Ivan Cruikshank, Policy and Advocacy Coordinator, Caribbean Vulnerable Communities Coalition
"The most effect response to address HIV and AIDS has to be addressing the social and legal environment, within the country."

According to Ivan Cruickshank, Policy and Advocacy Coordinator of the Caribbean Vulnerable Communities Coalition, countries with high HIV prevalence rates, like Belize, should be supporting every effort to eradicate stigma and discrimination to curb the spread of the disease.

Ivan Cruikshank
"At all levels we are saying to policy makers, review your existing legal and policy environment so that people feel that this is a space that they can come forward and engage with the health care system...that's a big issue for us."

Maurice Tomlinson, AIDS Free World
"This is about bringing everybody to the table, not leaving anybody out. Because when you exclude people, that is when you provide an opportunity for harm and hate and disease to spread. And these diseases don't usually stay within the vulnerable groups."

Pastor Louis Wade Junior
"It is a lie. The evidence shows for example in Belize that HIV and AIDs is driven not by the homosexual community but by the heterosexual community. That is well defined in Belize. It is also well defined throughout the Caribbean."

The pastors refute the argument that laws criminalizing sodomy have a direct relation to HIV prevalence rates.

Louis Wade
"I am talking about statistics in European...these are places where...they have the most freedoms. Not in the closet...not in the closet...rise in their circles."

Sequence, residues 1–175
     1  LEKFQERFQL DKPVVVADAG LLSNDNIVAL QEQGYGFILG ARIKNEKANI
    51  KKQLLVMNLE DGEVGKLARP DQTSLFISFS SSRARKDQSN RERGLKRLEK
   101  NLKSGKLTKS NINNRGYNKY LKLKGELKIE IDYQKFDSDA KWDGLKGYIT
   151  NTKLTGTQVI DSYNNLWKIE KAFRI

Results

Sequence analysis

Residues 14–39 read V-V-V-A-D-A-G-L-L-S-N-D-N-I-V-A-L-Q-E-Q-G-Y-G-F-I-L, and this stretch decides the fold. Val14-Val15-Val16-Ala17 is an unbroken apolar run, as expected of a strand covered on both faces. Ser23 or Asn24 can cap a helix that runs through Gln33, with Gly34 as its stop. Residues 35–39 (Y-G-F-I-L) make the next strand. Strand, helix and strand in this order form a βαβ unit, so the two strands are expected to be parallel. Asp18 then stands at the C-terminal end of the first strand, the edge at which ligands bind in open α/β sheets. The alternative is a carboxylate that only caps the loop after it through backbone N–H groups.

Pastor Scott Stirm, Jubilee Ministries
"At a United Nations level, they have an agenda, they are people in that that have an agenda and they are pushing that agenda...all financial aid that comes from the European Union...and so that's why are people hemming and hawing over this issue, it's because there's big bucks behind it."

Caleb Orozco
"They are free to form an opinion, an opinion does not provide the basis for reality. It simply offers an expression or description of an issue. Period."

Cultural attitude isn't going to change because of one judgement...because of misrepresentation of the facts and the fear mongering being sold by the religious politicians. There will be years and years around what really is sexual orientation and to an extent, gender identity and what does that actually mean for the individual.

Janelle Chanona (stand-up)
"In the months leading up to this trial, proponents and opponents of this issue will no doubt campaign heavily in their efforts to help you answer the fundamental question of this case: "Should the state legislate morality?" Because make no mistake, whatever decision is handed down in the courtroom, keeping the status quo or changing attitudes towards sexual minorities will be decided on in the court of public opinion. Reporting for 7News I am Janelle Chanona."

The case of Caleb Orozco versus the Attorney General of Belize is scheduled to go to trial in December 2011. UNIBAM's legal team includes former Attorney General of the United Kingdom Lord Peter Goldsmith, former Attorney General of Belize Godfrey Smith and Senior Counsel Lisa Shoman. The churches have retained Senior Counsels Rodwell Williams and Eamon Courtenay as well as Jackie Marshallek, Christopher Coye and Michel Chebat.

Channel 7